There are three key pil­lars to the Volvo Ocean Race sus­tain­abil­ity strat­egy:

• To min­imise the race’s foot­print with a

par­tic­u­lar fo­cus on re­duc­ing; and • Where pos­si­ble, elim­i­nat­ing the use of sin­gle-use plas­tic by the teams and, in the Race Vil­lages;

• To max­imise the race’s im­pact us­ing its global com­mu­ni­ca­tions plat­form to spread aware­ness. This in­cludes an ed­u­ca­tional pro­gramme to change views, a science pro­gramme to cap­ture data while at sea and con­trib­ute to an un­der­stand­ing of the oceans in the most re­mote ar­eas of the planet, and to leave a pos­i­tive legacy wher­ever it goes.

Look­ing fur­ther ahead, the Volvo Ocean Race will use the One De­sign race boat plat­form to do ev­ery­thing pos­si­ble to re­duce and then elim­i­nate fos­sil fu­els on­board the boats in the fu­ture. The use of a hy­dro-gen­er­a­tor for the first time dur­ing the 2017/18 edi­tion should be a sig­nif­i­cant first step in re­duc­ing the use of fos­sil fu­els, with race man­age­ment able to man­date the use of the hy­dro-gen­er­a­tors by each team. Th­ese hy­dro-gen­er­a­tors pro­vide power to the on­board elec­tron­ics and com­mu­ni­ca­tion sys­tems.

IN HIS­TORY

The years 1973/74 saw the first edi­tion of the Volvo Ocean Race, where a to­tal of 19 teams trav­elled 27,000 nau­ti­cal miles around the world over four legs: from Portsmouth to Cape Town, to Sydney to Rio de Janeiro, and back to Portsmouth. Over­all, a to­tal of 167 boats have taken part in the 12 edi­tions of the race to date, in­clud­ing peo­ple from 43 dif­fer­ent na­tion­al­i­ties.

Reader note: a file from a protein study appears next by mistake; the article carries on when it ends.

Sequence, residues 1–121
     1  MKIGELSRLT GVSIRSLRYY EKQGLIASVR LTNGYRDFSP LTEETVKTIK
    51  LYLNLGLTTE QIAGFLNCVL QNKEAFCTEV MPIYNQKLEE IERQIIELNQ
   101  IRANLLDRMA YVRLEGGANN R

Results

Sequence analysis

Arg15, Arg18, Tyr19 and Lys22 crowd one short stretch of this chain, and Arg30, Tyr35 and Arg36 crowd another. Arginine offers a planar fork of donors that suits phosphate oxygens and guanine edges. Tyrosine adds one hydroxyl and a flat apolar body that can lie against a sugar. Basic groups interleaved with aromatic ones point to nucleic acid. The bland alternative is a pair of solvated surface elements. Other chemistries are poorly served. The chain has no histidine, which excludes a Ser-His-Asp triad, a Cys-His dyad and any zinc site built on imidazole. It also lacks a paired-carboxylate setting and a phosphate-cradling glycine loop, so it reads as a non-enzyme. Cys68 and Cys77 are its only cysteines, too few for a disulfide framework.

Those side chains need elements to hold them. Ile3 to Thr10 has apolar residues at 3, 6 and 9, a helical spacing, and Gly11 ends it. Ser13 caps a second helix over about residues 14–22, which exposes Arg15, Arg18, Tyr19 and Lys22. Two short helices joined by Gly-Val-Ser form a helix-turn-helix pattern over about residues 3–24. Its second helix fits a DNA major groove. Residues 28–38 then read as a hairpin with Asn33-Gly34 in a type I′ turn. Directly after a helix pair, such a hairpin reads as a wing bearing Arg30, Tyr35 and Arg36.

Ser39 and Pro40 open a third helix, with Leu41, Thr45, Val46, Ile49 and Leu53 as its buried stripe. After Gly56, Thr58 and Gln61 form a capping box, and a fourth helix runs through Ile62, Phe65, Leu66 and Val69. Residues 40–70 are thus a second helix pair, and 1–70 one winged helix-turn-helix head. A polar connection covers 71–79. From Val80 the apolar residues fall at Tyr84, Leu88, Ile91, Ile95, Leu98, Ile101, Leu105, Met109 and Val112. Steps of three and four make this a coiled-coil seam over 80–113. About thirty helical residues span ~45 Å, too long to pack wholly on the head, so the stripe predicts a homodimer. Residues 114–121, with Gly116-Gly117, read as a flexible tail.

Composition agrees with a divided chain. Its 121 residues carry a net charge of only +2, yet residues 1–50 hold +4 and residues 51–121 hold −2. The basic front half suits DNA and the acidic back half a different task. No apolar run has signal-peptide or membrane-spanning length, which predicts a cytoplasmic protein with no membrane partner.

THE OUT­COME

In the pre­vi­ous edi­tion of the race, the Abu Dhabi Ocean Rac­ing team be­came the first team to win the dou­ble – se­cur­ing both the over­all tro­phy and the In-Port Race Se­ries.

How­ever, this time around, the out­come could in­deed be very dif­fer­ent, and as the race is still in its first stages, it re­mains very un­cer­tain. There has been some talk of teams us­ing dif­fer­ent modes or sail com­bi­na­tions than seen in the past, with Sun Hung Kai’s Luke Parkin­son sug­gest­ing the teams may have been hold­ing some things in re­serve. It’s early in the race, and each team is learn­ing new things as they go.

With the start be­hind them, the teams will set­tle into the rou­tine of life at sea, as they have be­gun the first leg of what will pri­mar­ily be a race around the planet. The in­ten­sity shown dur­ing the first hour of the first leg, when the fight was for ev­ery me­tre, demon­strates just how com­pet­i­tive the rest of this Volvo Ocean Race will be.

FROM ALI­CANTE ALL THE WAY THROUGH TO THE HAGUE,

THE FIRST LEG OF THE RACE TOOK PLACE ON 22 OC­TO­BER 2017 WHERE THE TEAMS SUC­CESS­FULLY EM­BARKED ON THEIR 45,000 NAU­TI­CAL MILE

JOUR­NEY.

Ves­tas 11th Hour Rac­ing

Team Turn the Tide on Plas­tic

Dongfeng Race Team

Team Sun Hung Kai Scal­ly­wag

Team Ak­zoNo­bel

Team Brunel

Team MAPFRE